Thornton Peak was called “Damnation Peak” by the first ascent Party, but this is not accurate because Damnation Peak and Damnation Creek are located 2 miles to the southwest. It has also be called “Old Damnation”. The north ridge joins with Mount Triumph's south ridge while the south ridge extends for several miles. The west face is precipitous and drops 3000 feet to the north fork of Triumph Creek. The southeast ridge above upper Thornton Lake is narrow but makes for easy travel and this is the preferred ascent route.
To reach the summit requires route finding capability and class 3 scrambling. The summit block is composed of slightly crumbly rock and there is one move with serious exposure. From the pass south of Trappers Peak, the trail drops 500 feet to Lower Thornton Lake. This elevation must be regained on the way out. Total mileage and distance are 5500 vertical feet and 13.5 miles round-trip. There is a campground near the outlet of lower Thornton Lake. Side trips to Trappers Peak and X Mountain are highly recommended.
There was a register as of October 2015 which was placed in 2003. Thornton seems to get roughly 3 or 4 ascents a year.
Standard Route – Southeast RidgeShort Description:
To reach the southeast ridge you must walk the old road, that leads to the trail, which goes over a pass, drops down to the lake, and then follow the climbers path to the middle lake, and then ascend the steep gully to the col. For our purposes lets call it Thornton Col.
From Thornton Lakes parking area, hike the old road for 2.3 miles and then ascend a steep trail 1800 feet to the junction just below the pass. The right fork goes to Trappers Peak. Turn left and go over the pass and drop down 500 feet to lower Thornton Lake.
The trail continues over some large talus near the outlet of the lake to the camground. From the outlet a boot path contines north near the west shore of the lower lake. It rises and falls several times to avoid cliff bands.
small gorge to the middle lake. Traverse talus along the east shore of the middle lake to access the obvious gulley. There is a faint boot path along the eastern edge of this gulley but it can be hard to spot on the ascent. Likely you will find it higher up.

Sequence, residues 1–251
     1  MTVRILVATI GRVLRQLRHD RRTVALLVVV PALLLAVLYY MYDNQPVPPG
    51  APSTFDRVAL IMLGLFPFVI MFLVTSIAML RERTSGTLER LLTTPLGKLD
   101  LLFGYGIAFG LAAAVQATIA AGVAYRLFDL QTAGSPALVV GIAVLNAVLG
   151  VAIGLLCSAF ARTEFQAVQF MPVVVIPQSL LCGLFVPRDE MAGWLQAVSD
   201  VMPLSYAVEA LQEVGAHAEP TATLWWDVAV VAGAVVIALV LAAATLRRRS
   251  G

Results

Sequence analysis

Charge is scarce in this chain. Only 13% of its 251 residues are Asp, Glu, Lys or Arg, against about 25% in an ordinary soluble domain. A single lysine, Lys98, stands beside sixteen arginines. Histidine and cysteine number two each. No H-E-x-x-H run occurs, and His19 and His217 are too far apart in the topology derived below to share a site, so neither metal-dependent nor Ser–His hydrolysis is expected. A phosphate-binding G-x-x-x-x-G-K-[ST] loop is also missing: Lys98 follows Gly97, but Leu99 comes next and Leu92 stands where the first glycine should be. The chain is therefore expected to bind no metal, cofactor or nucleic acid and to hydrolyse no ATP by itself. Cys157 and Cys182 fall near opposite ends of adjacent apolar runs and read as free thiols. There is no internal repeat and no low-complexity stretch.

Thornton Col and turn west. Pick your way through minor cliffs and slabs to reach the upper southeast ridge. You can keep it almost entirely class 2 if you take the time to look around. At 6400 feet the ridge narrows.
The final scramble looks imposing from afar but appears easier the closer you get. The rock has a rotten appearance, but is not as bad as it looks. There is one narrow step-across or crawl-across move with serious exposure on both sides. Watch for large loose rocks on the summit!
Driving DirectionsTake Highway 20 eleven miles east of Marblemount or two miles west of Newhalem if you are coming from the east. Watch for the turnoff for Thornton Lakes Road on the north side of the highway. This road has a bad reputation because in the past it was very rough. It has been re-graded and now any 2WD vehicle should be able to make it. Just exercise caution and watch for the occasional pothole. From the highway drive 5 miles to the end of the road and park at the Thornton Lakes trailhead.
Red Tape / CampingA Northwest Forest Pass is required at the trailhead.
Pick up a permit at the Marblemount Ranger Station if you plan to stay overnight. They also have a voluntary climber's registry. There are only 3 camp sites at Thornton Lakes so arrive early if you want a permit on the weekend. The campsite at lower Thornton Lake has a composting toilet. Be sure to hang your food up and away from bears, goats, and rodents.